First, you can eliminate the circuits with diodes, since neither would behave differently at different AC frequencies (why would they?). That rules out (B) and (C).
To narrow it down further, analyze the lowfrequency limit, by assuming DC voltage (lowest frequency you can get, right?). We are given that at low frequency.
(A) wouldn't work because the voltage across the capacitor, the resistor, and must each equal .
(D) wouldn't work for a similar reason.
(E) is the only choice left. It looks like it would work because the capacitor would charge until the voltage drop across it equals , and then there would be no more voltage drop across the rest of the circuit.
We don't need to know the highfrequency behavior of any of these to know that (E) is right.   antithesis 20071002 22:46:44  A shortcut for this (and other filter problems) is to remember the following mnemonic: For RC, in a configuration such as that of figures D and E, the position of the capacitor determines the type of filter: If it it "up" (as in E), it is a high filter. If it is "low" (as in D), it is a low filter.
Then, remember that if you have LR, inductor is roughly opposite to a capacitor, so up means low filter, and vice versa.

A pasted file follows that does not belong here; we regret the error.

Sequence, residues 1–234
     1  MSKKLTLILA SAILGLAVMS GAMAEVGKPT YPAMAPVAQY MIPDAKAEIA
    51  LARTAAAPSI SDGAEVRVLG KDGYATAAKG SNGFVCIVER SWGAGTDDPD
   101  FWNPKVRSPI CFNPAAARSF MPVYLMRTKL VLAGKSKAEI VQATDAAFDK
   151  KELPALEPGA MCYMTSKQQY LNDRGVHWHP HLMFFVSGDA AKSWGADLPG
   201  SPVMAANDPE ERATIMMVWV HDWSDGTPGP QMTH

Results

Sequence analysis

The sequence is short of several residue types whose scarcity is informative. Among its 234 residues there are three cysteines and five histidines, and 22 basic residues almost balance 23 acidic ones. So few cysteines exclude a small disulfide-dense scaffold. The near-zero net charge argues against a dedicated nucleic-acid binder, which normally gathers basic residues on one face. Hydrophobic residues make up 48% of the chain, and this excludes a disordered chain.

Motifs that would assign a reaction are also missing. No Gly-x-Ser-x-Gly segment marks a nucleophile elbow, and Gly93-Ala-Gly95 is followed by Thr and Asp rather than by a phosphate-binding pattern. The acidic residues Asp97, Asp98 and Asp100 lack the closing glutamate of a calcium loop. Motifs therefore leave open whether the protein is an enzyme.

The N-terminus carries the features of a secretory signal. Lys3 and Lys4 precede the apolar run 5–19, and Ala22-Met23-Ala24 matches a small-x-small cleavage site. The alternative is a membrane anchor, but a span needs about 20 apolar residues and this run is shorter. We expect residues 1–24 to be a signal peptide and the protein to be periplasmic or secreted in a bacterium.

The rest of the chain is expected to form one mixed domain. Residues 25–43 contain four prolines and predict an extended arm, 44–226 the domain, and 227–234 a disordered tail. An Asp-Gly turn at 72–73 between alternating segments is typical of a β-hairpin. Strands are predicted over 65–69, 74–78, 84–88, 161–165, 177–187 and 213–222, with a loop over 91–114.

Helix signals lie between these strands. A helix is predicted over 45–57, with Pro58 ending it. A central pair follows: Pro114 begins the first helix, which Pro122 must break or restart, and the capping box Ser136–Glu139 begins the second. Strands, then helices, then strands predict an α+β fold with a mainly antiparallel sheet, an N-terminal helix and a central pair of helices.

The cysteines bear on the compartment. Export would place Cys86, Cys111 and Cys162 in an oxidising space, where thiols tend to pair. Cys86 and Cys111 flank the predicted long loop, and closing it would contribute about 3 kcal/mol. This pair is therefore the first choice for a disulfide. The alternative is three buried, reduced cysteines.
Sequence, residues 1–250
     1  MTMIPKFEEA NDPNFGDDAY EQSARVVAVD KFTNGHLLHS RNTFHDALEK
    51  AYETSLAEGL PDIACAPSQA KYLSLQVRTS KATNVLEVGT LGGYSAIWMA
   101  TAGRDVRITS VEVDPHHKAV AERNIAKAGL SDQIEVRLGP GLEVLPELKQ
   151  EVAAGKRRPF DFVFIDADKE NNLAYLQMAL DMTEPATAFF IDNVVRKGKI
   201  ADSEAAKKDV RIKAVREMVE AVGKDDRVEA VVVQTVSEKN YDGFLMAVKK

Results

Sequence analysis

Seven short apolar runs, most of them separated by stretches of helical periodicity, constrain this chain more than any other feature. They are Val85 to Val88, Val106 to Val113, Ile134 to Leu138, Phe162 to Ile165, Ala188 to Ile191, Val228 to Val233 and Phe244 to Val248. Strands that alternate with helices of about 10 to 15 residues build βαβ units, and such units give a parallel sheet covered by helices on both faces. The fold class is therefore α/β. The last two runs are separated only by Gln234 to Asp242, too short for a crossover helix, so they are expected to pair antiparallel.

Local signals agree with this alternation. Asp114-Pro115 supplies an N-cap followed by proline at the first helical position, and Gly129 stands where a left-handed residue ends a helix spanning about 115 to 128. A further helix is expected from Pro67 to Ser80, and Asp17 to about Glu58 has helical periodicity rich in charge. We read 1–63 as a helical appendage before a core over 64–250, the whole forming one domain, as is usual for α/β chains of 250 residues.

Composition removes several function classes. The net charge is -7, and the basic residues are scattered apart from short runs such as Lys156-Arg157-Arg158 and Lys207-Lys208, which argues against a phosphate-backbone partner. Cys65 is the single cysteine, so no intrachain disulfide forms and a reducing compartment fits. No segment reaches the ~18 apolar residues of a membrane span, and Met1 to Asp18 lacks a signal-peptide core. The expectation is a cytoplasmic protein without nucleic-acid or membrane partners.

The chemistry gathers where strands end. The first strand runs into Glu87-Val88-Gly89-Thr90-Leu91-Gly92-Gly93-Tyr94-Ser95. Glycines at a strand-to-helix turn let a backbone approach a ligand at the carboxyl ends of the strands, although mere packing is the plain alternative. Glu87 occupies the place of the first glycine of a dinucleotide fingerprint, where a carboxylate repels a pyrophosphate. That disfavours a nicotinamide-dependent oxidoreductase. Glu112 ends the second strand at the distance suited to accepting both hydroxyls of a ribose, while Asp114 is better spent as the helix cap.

I usually don't like to memorize useless stuff (I never took a real circuit course, with impudence), but this seems almost too trivial to remember.   Blake7 20070923 05:50:32  Folks, whenever you see the symbol for a cap, two parallel, UNCONNECTED lines, you should immediately think "DC 'Block'"; a "short". And, conversely, with a cap being a DC block, it is also an AC, Hi Freq "Pass". Go back and study Max's eqns for caps if you don't get this, yet.
So, by inspection, the high freqs in circuit (E) just ripple along through the cap and show up "ACROSS" the (output) resistor.
In (A) and (D), the hi freqs "shunt" down through the cap; they are "low" "pass". (B) and (C) have no caps and therefore no frequency filtering performance compared to the rest.
Onceuponatime, all the EEs to be looked to us for this stuff! (They still DO in reality, so let's not let them down!)
Blake7 20070924 02:42:57 
Ooooops!!!
A DC Block is an OPEN! A cap looks like an OPEN to DC! (not a short!) Pardon me!
At this point the physical intuition means more to me than the terms themselves.
Also, as far as the cap and the circuit are concerned, lower frequencies look closer to DC and therefore the GREATER their IMPEDANCE.
(Wow, Yosun, it might be nice if folks could edit their own comments.)